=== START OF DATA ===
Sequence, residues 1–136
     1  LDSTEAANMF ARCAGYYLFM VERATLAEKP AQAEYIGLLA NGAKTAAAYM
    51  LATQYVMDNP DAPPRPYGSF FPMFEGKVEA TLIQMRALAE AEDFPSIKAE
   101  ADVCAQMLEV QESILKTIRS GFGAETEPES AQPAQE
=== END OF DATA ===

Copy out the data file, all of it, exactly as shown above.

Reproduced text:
Sequence, residues 1–136
     1  LDSTEAANMF ARCAGYYLFM VERATLAEKP AQAEYIGLLA NGAKTAAAYM
    51  LATQYVMDNP DAPPRPYGSF FPMFEGKVEA TLIQMRALAE AEDFPSIKAE
   101  ADVCAQMLEV QESILKTIRS GFGAETEPES AQPAQE